Thursday, September 24, 2009
My research into Sumerian history and Mesopotamia for the Tombs of Hulkursag has taken me into some really cool mental exercises. Part of the module will be to introduce my take on an alternative history of Mesopotamia, where the Gods really do walk the Earth. (This, by the way, has made me very aware that I don't have a single source book on Deities - no OD&D or AD&D books). Reading up on the culture and viewpoints makes me realize how cultural D&D really is. I know this is no surprise to the smarter of my readers, but it's the difference of "hearing" it and really seeing it.
One such area is the concept of treasure. We, as players, are used to gold pieces, gems, scrolls and things that "feel" right - we're not that far removed from reality in how we view wealth and things of value. Taking a step back into history means that we're winding back the clock and our conceptions on how wealth was collected and distributed. The above quotes really point that out - coin currency wasn't widely used until maybe late in the Mesopotamian era, more likely in the early Greek era. Trade was based on barter and a rough conceptualization of the value of commodities against each other. Silver was the standard and it's use wasn't a "coin" but a weight equivalent. This means that our intrepid band of adventurers exploring the Lands between the Rivers aren't going to be finding chests of gold.
Wealth was also expressed in jewelry and adornments, as well as possessions. Mesopotamian tombs (what few have been found) are not filled with coins, but with rings, necklaces, crowns and headdresses and items of value like musical instruments, oxen carts and even slaves. Now everyone seems to love finding lots of gems and jewels, but what is the very first thing the vast majority of the adventurers do? They go find a fence in town and get gold coins. That's not going to happen in Mesopotamia.
This brings me to a design issue - how far to do I "break" the conventional wisdom of D&D? When players sit down for D&D, there are expectations based on previous play and based on what we perceive D&D to be. Presenting a module and setting that breaks those expectations too much makes it possible that people are going to get frustrated and give up. Do players really want to buy equipment based on trading 5 shekels of grain that they have to store and carry somewhere? I doubt it. I know I wouldn't want to do that - and that's a metric I usually use on my first decisions about a game - would I like it?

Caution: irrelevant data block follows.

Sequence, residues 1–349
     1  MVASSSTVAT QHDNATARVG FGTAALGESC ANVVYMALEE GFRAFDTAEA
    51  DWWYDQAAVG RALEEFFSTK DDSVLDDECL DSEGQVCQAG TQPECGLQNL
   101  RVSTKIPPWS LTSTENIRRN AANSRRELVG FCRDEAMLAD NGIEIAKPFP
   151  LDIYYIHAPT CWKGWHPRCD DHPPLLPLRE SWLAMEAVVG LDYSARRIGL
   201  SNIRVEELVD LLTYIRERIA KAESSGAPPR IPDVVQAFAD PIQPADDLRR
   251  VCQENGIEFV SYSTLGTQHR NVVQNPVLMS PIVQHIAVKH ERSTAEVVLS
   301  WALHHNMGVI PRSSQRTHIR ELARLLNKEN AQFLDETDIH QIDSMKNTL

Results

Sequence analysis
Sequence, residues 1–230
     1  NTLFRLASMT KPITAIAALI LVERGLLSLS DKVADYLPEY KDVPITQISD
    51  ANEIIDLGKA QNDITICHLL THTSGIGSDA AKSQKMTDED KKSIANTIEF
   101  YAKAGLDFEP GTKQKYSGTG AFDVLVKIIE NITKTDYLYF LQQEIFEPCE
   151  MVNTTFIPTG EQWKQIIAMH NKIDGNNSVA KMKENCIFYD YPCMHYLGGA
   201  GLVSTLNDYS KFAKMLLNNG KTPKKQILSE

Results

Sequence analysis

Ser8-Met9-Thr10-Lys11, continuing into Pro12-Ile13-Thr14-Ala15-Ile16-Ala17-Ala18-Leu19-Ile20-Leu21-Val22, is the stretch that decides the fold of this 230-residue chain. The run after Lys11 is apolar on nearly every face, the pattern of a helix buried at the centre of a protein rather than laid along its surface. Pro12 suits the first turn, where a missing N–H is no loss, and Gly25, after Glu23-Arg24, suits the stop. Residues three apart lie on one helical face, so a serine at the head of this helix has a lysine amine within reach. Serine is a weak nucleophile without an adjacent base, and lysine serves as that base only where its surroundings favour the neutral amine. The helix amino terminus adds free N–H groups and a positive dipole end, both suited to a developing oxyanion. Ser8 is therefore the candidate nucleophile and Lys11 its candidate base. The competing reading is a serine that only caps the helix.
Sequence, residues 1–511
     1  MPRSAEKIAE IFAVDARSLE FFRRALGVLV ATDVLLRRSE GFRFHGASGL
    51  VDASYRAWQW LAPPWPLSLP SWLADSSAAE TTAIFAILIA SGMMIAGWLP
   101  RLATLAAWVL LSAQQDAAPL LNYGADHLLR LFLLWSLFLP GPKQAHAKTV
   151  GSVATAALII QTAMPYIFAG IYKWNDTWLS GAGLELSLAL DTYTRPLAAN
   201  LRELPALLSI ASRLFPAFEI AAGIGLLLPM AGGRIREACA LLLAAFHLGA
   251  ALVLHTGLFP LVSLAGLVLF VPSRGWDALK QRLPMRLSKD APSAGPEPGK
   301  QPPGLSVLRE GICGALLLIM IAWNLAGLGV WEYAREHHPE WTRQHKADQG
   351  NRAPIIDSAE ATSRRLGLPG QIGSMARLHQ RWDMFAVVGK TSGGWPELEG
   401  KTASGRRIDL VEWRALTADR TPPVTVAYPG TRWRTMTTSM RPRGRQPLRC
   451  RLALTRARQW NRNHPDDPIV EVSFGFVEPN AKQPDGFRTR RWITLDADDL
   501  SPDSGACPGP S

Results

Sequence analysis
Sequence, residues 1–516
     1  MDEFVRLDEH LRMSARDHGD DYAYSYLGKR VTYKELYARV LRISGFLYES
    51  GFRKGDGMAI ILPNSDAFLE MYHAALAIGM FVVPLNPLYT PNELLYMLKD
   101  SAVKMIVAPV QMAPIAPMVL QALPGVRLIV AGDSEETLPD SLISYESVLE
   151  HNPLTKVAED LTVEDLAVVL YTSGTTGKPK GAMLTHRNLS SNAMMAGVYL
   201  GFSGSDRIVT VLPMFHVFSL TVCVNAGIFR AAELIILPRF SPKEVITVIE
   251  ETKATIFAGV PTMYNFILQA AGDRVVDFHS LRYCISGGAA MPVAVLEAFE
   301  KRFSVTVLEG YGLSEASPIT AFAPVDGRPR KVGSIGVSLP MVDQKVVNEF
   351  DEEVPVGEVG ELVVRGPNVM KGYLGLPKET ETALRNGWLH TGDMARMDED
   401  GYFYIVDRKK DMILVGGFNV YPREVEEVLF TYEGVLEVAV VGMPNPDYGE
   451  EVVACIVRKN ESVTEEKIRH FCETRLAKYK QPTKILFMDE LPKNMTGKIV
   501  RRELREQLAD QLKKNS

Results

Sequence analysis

I think I may change the terms, but leave the basics the same - gold is now "silver (ingots/shekels)" (same diff), silver becomes "copper" - there is no equivalent to copper pieces in my game. Players won't find mounds and mounds of gold, but if I cast it right, the difference is more in the names, not the feel.
Treasure is going to be more about finding the jewelry and gems and things that can be traded. I'll give equivalent values (in silver) but players won't be able to fence the 3 rings and 2 copper helmets into coins - so they'd better find a secure place to hold their stashes.
Another interesting point is that metal is rare - so much so that finding a metal weapon is equivalent to finding a +1 to +3 weapon.
Does breaking the convention too far limit what you can do, especially in terms of the "rewards"? I think we're all used to strange settings and even limits on classes and races, but the treasure and methods of economy in D&D? I'm not so sure.
What do you think?
(Picture from studio22k.com)